The Tuscan Child

by Rhys Bowen
Rating: ⭐⭐⭐⭐

(4.15 stars – Goodreads rating)

Published February 20, 2018, by Lake Union Publishing

Genre: Fiction / Historical Fiction

Format: Kindle

Page Count: 329 pgs (Kindle version)

TuscanI felt incredibly free, as if I was a butterfly just released from my cocoon.

Historical novels usually have to be very good in order to capture and hold my attention, and this one fit the bill. In this story, we travel with Joanna Langley from Surrey, England in the early 1970s into the lush, rolling hills of Tuscany and the little village of San Salvatore as she searches for clues about her recently deceased father’s past. Along the way, we are also treated to her father’s story of survival and romance at the end of German occupation of Italy during WWII.

The story was well-written and compelling. The dual timelines were not distracting, but instead lent even more drama and build-up to the story as a whole. Both perspectives were given equal attention and were very well represented by the author. Bowen’s writing was crisp and colorful without being muddled in unnecessary details. I especially enjoyed the descriptions of the Tuscan landscape and the delicious food – it made me long to visit Italy.

Fans of historical fiction will appreciate this novel for its skilled placement in two distinctly different eras of history. Lovers of romantic fiction will also appreciate the tender love stories that develop as well.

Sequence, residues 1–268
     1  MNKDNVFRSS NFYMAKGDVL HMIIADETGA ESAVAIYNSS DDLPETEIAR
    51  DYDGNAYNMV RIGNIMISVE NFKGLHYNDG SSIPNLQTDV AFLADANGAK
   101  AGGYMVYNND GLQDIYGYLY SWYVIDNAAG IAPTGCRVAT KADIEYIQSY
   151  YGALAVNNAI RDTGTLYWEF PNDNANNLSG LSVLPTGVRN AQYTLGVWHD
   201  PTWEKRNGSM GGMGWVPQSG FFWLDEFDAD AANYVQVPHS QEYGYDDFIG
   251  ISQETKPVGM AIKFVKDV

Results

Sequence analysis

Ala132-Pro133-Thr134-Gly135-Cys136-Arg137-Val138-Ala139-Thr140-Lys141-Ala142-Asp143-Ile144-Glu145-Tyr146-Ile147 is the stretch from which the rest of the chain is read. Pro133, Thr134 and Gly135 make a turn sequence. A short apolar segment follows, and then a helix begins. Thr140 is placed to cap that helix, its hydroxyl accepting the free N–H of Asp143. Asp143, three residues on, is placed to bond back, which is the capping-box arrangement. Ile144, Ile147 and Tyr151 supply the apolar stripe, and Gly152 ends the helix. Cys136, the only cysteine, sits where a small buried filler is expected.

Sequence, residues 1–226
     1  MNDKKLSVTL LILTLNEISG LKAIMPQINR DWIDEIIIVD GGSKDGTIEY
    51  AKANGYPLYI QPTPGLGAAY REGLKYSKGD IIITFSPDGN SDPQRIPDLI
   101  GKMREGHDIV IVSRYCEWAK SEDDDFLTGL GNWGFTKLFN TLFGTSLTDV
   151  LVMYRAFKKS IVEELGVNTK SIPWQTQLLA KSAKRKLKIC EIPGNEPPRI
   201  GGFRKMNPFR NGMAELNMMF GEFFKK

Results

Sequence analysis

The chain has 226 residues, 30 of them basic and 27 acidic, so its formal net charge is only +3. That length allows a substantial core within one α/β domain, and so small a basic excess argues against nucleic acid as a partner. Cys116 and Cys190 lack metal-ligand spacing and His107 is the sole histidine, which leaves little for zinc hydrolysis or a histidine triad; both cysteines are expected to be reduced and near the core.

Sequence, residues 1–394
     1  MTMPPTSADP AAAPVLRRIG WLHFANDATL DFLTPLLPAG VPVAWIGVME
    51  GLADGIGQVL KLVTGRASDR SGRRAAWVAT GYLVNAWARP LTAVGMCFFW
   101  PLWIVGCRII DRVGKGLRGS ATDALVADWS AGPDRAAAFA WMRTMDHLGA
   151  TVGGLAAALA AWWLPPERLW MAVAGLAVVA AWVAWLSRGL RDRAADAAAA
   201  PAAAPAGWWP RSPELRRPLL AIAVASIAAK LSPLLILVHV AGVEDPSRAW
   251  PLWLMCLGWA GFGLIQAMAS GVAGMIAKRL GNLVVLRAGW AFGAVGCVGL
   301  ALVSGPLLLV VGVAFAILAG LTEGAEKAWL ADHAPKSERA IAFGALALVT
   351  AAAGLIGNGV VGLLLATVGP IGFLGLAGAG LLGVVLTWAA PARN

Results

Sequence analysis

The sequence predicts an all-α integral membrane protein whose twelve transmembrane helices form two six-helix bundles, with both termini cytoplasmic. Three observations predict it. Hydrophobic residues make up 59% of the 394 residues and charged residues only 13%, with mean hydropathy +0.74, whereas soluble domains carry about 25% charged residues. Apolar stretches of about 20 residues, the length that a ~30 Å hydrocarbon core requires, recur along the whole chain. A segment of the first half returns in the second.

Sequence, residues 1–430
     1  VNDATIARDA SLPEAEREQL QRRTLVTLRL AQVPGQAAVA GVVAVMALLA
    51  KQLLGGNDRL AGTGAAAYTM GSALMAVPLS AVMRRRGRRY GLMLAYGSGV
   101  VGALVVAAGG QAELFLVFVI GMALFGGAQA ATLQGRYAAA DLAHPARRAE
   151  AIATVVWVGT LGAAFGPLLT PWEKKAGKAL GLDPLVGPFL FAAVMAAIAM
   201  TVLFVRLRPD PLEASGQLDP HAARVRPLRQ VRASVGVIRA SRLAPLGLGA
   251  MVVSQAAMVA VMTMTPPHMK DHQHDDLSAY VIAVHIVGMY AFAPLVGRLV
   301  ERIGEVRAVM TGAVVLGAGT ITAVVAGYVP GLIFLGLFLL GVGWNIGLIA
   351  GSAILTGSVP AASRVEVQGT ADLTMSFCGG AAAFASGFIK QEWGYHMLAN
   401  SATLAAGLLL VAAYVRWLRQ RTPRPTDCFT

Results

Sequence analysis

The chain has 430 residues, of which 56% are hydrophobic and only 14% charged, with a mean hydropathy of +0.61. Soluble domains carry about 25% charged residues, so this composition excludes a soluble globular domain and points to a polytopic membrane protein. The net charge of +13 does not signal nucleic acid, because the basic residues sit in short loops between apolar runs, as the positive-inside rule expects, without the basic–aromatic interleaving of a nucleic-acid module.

**Many thanks to NetGalley, Lake Union Publishing, and the author for the opportunity for me to read and review this book.

About the Author

Rhys BowenWebsite



Rhys Bowen is the New York TimesBestselling Author of the Royal Spyness Series, Molly Murphy Mysteries, and Constable Evans. She has won the Agatha Best Novel Award and has been nominated for the Edgar Best Novel. Rhys’s titles have received rave reviews around the globe.




Bad Man

by Dathan Auerbach
Rating: ⭐⭐⭐

(3.94 stars – Goodreads rating)

To Be Published August 7, 2018, by Doubleday

Genre: Fiction / Horror (ish) / Mystery / Suspense

Format: Kindle

Page Count: 320 pgs (Kindle version)

badmanThey’d seen flyers for Eric here and there over the years… they never really looked. No one ever does.

When I think about what makes a good horror story, one of the most important components is the atmosphere. Auerbach sets us up in a small Floridian town and then strips us of all sense of security and comfort. He surrounds his characters with grief, poverty, and suspicion, and therefore creates a perfect setting for this creepy tale that weaves real-life horror with a little something extra.

Eric has been missing for five years and no one has any answers as to what could have happened to him. His big brother, Ben, was the last one to see him and seems to be the only one committed to still searching for him. When Ben takes a job at the same store where Eric went missing, strange things begin to occur that convince him that someone does know what happened to Eric and they’re trying to reach out to him. But is it to help him or to stop him from asking questions?

The Bad Man will leave you guessing. The unreliable narrator, the creepy store setting, and Ben’s shady coworkers and friends all manage to introduce more questions as you read than they answer. I found the book to be quite engrossing; however, the ending was wholly unsatisfying in that there were several strings left hanging that made even the epilogue seem incomplete.

I would recommend this book to lovers of horror and mystery that don’t mind a story that leaves you with lots of questions at the end. This one isn’t tied up with a neat little bow. And if you don’t mind filling in the blanks for yourself, this is definitely the book for you.